Monday, April 03, 2006

Too Chip or Putt?

Whoever is instructing Michelle Wie on the chipping and putting aspect of the game should also work with her a little more on how to think around the green. A poor thought process on the 72nd green of the Kraft Nabisco Championship may have cost her her first major title. Wie needed a birdie on the par-5 18th to tie Karrie Webb. A driver and a 5-iron put her 25 feet away just over the green with about five feet of fringe to clear. Wie elected to chip the ball and juiced it a bit. It ran about ten feet past. She made a good putt at the birdie that would have tied but it missed.

Somewhere along the line someone has taught her that if you want to sink it, chip it. Perhaps that’s true, perhaps not. That’s another discussion. What’s at fault here is her thinking process. Someone has failed to teach her how to think the situation through completely. She did not need to sink it “at all costs.” Yes, it might have been the ultimate in drama had she sunk the chip, but that’s not what she needed at this point. She needed a sure four with a chance at a possible three. She needed to play the shot that gave her the highest percentage to accomplish that. Using the putter to get down in two from 25 feet was not a difficult task. Two putts give her a tie and, if she gets a little lucky, the ball goes in and she wins. By using the putter she would have almost certainly have put herself in the playoff which started on the same 18th hole where she would have had a definitive advantage.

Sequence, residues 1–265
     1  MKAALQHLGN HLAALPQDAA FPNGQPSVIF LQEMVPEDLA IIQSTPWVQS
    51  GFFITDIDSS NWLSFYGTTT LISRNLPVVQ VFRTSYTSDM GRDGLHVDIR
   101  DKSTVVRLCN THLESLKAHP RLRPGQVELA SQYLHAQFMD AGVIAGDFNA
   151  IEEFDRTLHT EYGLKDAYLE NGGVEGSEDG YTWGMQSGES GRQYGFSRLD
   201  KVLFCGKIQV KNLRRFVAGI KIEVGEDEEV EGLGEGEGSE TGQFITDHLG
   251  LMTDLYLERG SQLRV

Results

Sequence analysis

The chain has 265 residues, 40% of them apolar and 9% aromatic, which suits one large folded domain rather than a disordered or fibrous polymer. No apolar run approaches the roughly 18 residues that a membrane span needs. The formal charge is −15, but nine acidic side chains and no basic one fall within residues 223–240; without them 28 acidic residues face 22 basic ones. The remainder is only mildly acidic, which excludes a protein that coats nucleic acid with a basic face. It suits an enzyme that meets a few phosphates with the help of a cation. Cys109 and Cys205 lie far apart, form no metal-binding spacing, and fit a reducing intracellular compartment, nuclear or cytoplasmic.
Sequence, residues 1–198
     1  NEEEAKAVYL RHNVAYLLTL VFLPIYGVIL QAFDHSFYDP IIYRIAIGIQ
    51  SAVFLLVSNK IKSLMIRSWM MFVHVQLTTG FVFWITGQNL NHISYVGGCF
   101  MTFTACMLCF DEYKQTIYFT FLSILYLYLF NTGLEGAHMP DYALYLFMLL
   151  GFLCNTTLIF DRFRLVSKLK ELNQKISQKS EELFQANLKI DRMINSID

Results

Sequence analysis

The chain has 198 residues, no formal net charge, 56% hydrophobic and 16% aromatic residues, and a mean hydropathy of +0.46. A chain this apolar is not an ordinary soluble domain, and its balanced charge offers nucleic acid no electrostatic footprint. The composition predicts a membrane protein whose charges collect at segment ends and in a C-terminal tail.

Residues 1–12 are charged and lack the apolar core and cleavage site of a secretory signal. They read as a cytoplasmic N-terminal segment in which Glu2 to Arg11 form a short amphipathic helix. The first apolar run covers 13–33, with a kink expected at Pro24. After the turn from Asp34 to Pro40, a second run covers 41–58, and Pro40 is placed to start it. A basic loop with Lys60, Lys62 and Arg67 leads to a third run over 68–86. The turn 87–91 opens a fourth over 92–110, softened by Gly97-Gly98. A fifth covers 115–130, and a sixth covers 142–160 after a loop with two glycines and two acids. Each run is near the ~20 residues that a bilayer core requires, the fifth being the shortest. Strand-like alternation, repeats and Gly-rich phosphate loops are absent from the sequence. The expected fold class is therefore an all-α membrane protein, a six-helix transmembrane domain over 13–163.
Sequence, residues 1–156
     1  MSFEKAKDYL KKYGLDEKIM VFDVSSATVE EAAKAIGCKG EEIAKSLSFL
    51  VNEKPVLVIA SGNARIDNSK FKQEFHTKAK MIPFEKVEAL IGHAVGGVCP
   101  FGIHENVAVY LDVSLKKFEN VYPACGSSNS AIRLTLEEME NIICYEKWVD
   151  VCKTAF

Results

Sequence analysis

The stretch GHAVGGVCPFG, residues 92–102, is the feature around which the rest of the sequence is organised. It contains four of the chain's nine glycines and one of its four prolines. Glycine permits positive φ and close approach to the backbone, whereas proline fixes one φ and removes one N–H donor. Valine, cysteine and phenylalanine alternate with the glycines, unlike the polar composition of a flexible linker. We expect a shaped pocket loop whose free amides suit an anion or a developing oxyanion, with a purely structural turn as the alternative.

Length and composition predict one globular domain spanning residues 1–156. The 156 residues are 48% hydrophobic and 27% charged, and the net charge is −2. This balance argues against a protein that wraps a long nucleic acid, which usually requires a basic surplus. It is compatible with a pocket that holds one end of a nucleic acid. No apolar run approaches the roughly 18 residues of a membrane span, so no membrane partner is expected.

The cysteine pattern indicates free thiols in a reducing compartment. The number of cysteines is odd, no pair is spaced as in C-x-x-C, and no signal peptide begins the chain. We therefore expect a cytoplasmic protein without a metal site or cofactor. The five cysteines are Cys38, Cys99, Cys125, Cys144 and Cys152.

But that’s what makes major champions: smart decisions and the proper time.

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